Ends and means – or the unintended consequences of lobbying

A key principle behind the New Labour ‘project’, with roots going back to Antony Crosland’s seminal The Future of Socialismwas that ends mattered, not means. It’s about what works. The triumph of managerialism over ideology. Pragmatism over principle.

In this respect at least, the Coalition Government is following in New Labour’s footsteps. Francis Maude, for example, has said he’s pretty relaxed about the ownership models of organisations running our public services. Impact not form matters. Outcomes not structures.

But, and particularly in the long term, how can we be confident about the ends and the outcomes? When is the end?

Let’s take a few examples of lobbying led by the social enterprise sector and try to look at the ends and the impact.

Social enterprise and third sector advocates argued for a Right to Challenge for community groups to take over public services. Subsequently, a Right to Challenge is being enshrined in the Localism Bill going through Parliament. The end. Right?

Well, the latest noises emerging from the Cabinet Office are that plans to open up vast swathes of public services to contestability and market forces are being ripped up. The Government will not dare to go this far. Services can stay in-house.

Except the Localism Bill retains this innovative new Right to Challenge which, as it stands, provokes an open tender for a contract to deliver services. Those of us who argued for this Right are now arguing that it should be amended – so a challenge does not automatically lead to a procurement exercise but instead considers the alternatives of an uncontested contract or grant. So in effect, as well as potentially adding to the burdens and risks for community groups and social enterprises who go through a tender process, have we have we also unwittingly created the one lever that could let market forces in to open up public services? And created what some would see as a monster, a Pandora’s box or a Trojan horse. Was that the intended end?

Let’s look at another big sector ask – more money for the Big Society Bank. In the Government’s most recent negotiations with the big banks, the Treasury must have pushed for the deal to include an extra financial commitment to the Big Society Bank. What emerged? What was the end? An extra £200m commitment from the big banks. Result!?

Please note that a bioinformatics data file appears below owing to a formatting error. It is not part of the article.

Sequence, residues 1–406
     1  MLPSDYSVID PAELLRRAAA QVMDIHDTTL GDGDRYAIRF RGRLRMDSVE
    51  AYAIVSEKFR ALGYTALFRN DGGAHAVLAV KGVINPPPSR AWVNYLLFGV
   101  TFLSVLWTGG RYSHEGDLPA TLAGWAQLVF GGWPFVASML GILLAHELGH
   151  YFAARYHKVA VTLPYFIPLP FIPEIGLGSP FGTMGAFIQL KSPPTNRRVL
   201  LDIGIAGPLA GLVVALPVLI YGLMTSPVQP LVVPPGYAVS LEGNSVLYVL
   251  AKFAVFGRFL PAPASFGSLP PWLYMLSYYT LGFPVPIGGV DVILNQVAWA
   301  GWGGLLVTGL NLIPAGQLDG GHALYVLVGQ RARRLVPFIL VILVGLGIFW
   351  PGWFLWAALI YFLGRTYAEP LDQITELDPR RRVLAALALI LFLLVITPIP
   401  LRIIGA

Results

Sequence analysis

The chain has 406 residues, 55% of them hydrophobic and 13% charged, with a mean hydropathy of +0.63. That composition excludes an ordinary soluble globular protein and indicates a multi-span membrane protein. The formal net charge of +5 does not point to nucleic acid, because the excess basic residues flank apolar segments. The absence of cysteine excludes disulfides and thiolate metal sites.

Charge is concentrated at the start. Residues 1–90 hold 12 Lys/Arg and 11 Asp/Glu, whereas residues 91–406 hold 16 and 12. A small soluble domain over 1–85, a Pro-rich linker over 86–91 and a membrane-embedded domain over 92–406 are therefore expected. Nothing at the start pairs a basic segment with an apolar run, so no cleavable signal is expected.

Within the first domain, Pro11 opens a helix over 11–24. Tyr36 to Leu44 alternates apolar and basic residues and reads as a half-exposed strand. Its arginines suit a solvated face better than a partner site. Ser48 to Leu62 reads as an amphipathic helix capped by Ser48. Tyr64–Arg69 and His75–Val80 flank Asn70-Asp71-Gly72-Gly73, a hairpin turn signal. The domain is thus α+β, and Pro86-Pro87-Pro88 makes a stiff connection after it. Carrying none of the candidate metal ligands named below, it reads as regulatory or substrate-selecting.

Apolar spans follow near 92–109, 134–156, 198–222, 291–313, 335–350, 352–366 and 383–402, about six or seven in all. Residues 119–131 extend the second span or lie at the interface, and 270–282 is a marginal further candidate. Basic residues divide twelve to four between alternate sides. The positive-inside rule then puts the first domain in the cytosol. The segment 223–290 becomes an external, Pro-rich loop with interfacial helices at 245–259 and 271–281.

Except, the extra money seems to come with some strings attached – that this is an investment by the banks “on commercial terms”. Some have interpreted this to mean that the whole direction of the Big Society Bank is being warped from market maker and provider of patient capital to more commercial, profit seeking, hard-nosed investor. Was that what we wanted?

The truth is surely that these aren’t ends at all? Perhaps the Right to Challenge could lead to a backlash against contestability in public services. Or it may lead to some fantastic outsourcing and public services that prove we didn’t have so much to be scared about after all. And the Big Society Bank may operate commercially and, in doing so, prove that social enterprises can be viable investment propositions. Or the Bank may struggle to identify suitable investments and so prove after all, that the sector does need more support and encouragement, leading to a new wave of more appropriate investment. Who knows?

We don’t know. That’s the point. How can we be sure that ends trump means if the horizon from where we stand is really just a staging post on a longer, more evolutionary journey?

So what’s the point here? That we need to be careful what we wish for. Very careful about what we ask for. That we should be humble about how much we know. And who knows, that maybe principles do matter after all.

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One Response to Ends and means – or the unintended consequences of lobbying

  1. Jeff Mowatt says:

    Clearly there is cause for concern in the form taken when Peter Holbrook of the SEC warns of private profiteering. I’ve seen it happen through the form of a CIC locally, where around £250k of public funds have been swallowed in consultancy fees by a healthcare SET which never traded. Only public transparency can avoid this kind of dishonesty.

    Meanwhile we see more public funds going to a private spin off of our county council offering an enterprise development service like the one we provide as a social enterprise. It’s crony local politics, and form won’t flush that out.

    Suggesting that the end justifies the means for a socialist objective reminds me of NY Times journalist Walter Duranty, who of Stalin said that ‘you can’t make an omelette without breaking a few eggs’ and disregarded a man made famine.

    Yes, principles do matter. The ethics of the means should at the very least be inclusive.

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